Internal and Emergency Medicine

, Volume 6, Supplement 1, pp 77-83

First online:

Management of patients with chronic kidney disease

  • Francesco P. SchenaAffiliated withRenal, Dialysis and Transplant Unit, University of Bari Email author 

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Chronic kidney disease (CKD) is a silent disease which worsens gradually to end-stage kidney disease (ESKD). US kidney disease outcomes quality initiative (KDOQI) guidelines indicate five stages of CKD based on the severity of kidney function which is assessed by estimating the glomerular filtration rate (GFR) by the modification of diet in renal disease (MDRD) formula. The management of CKD patients with mild renal damage (stage 1–2 KDOQI) is articulated on the reduction of proteinuria (<500 mg/day), reduction of sitting systolic and diastolic blood pressure (<130/80 mmHg), salt restriction diet, diuretics (furosemide, spironolactone), antihypertensive agents (ACE inhibitors or ARBs (angiotensin II receptor blockers) or both as first-line therapy), additional other antihypertensives (aliskiren, non-dihydropyridine calcium channel blockers, beta blockers), body weight reduction, cigarette smoking stopping, allopurinol therapy and non-use of some drugs (non-steroidal anti-inflammatory agents, acetaminophen, bisphosphonates, oral estrogens) and herbals. The management of CKD patients with moderate-severe renal damage (stage 3–5 KDOQI) is based on the above recommendations plus low protein diet, correction of hyperkalaemia, metabolic acidosis, and administration of vitamin D derivates and erythropoietin for the correction of mineral metabolism disorders and anemia, respectively. In conclusion, patients with CKD (stage 1–2 KDOQI) may be correctly managed by primary care physicians, individuals in stage 3–5 KDOQI need the supervision of nephrologists to assess those patients who progress to ESKD and require renal replacement therapy.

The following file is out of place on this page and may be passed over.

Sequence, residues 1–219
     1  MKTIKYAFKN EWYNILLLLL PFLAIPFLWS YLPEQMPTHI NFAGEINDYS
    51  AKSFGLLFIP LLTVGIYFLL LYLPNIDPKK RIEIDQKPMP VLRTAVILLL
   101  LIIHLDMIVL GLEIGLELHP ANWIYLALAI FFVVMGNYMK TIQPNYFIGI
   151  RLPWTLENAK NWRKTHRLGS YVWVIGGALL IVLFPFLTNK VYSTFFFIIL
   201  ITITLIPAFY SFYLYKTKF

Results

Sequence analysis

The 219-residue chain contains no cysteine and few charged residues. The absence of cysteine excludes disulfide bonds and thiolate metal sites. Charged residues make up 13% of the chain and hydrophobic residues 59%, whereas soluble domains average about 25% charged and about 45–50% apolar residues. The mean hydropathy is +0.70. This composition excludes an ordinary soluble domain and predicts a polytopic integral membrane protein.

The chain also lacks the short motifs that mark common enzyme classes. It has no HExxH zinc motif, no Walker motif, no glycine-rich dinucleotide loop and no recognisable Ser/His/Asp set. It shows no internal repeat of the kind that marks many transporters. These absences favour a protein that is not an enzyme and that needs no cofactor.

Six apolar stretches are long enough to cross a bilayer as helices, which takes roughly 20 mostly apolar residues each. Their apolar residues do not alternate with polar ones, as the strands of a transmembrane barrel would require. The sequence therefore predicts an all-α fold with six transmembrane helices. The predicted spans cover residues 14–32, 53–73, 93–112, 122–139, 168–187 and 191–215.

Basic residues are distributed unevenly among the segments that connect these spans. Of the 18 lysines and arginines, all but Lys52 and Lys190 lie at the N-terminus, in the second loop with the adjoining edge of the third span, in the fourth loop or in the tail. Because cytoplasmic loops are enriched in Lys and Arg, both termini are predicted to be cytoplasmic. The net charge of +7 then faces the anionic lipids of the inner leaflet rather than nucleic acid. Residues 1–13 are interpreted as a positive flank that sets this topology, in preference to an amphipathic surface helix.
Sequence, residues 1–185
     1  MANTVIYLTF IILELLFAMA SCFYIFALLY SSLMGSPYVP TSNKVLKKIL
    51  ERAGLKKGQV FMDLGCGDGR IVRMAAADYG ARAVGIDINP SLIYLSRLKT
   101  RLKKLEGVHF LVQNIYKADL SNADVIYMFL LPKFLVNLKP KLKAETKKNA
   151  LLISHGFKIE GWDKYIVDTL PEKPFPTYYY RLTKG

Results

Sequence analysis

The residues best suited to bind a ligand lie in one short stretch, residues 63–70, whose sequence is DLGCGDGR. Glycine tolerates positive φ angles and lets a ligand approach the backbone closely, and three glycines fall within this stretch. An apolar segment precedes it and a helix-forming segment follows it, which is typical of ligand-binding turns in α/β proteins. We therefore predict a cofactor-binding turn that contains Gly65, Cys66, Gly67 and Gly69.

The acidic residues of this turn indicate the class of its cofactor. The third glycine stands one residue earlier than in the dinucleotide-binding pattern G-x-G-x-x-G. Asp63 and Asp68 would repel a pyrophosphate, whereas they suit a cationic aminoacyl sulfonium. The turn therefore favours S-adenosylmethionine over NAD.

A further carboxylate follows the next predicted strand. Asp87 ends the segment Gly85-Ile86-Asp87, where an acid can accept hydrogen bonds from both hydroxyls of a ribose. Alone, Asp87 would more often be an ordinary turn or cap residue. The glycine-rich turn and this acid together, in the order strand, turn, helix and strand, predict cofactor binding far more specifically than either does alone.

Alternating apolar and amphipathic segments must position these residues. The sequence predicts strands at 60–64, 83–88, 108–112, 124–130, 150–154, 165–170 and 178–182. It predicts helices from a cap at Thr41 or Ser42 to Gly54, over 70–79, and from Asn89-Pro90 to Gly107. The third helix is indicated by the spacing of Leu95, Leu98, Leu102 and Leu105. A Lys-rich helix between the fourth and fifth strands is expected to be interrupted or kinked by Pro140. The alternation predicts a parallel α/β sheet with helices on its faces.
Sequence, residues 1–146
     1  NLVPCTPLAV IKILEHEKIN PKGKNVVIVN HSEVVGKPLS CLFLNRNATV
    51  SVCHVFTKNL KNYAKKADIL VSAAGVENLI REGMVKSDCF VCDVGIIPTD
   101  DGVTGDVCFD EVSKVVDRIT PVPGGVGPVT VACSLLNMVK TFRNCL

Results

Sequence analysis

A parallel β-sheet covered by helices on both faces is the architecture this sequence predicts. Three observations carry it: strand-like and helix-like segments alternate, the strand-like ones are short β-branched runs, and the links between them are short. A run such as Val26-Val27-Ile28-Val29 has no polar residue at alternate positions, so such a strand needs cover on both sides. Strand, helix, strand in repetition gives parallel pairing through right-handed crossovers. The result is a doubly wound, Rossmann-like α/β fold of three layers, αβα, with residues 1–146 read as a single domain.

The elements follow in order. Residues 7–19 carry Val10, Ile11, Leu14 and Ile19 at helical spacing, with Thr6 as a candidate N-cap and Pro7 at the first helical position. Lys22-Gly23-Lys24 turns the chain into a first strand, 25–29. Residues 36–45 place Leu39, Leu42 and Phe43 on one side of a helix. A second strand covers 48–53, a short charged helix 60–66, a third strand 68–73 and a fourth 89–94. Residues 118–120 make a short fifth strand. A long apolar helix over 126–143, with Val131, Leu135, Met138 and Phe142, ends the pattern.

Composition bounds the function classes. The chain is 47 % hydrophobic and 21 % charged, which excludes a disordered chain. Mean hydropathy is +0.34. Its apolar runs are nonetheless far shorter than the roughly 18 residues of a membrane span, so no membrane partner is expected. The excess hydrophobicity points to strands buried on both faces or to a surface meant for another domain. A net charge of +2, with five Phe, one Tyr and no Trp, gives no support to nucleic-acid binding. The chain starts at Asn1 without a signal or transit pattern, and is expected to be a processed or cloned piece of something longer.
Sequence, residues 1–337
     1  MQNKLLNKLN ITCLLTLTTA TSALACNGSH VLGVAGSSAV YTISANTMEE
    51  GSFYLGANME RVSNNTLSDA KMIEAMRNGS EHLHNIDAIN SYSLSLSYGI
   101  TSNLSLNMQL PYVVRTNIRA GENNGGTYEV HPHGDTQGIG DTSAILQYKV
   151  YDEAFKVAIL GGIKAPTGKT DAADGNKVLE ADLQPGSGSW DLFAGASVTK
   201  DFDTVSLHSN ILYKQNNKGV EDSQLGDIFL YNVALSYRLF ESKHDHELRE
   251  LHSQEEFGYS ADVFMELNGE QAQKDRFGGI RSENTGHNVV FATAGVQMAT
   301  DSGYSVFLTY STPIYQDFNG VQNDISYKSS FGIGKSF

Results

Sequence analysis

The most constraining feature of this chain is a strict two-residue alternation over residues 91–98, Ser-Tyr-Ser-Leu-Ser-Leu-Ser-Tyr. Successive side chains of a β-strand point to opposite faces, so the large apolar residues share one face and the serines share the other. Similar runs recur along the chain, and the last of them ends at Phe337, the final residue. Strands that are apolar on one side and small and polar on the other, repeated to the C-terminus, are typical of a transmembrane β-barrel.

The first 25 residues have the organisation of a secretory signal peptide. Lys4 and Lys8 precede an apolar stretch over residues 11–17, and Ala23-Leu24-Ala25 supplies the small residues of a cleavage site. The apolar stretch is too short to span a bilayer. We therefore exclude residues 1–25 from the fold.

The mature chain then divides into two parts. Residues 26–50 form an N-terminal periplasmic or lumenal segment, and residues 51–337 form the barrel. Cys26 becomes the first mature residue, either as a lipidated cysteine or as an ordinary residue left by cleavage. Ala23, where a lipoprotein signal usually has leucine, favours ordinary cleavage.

Chronic kidney disease Therapy End-stage kidney disease Renal replacement therapy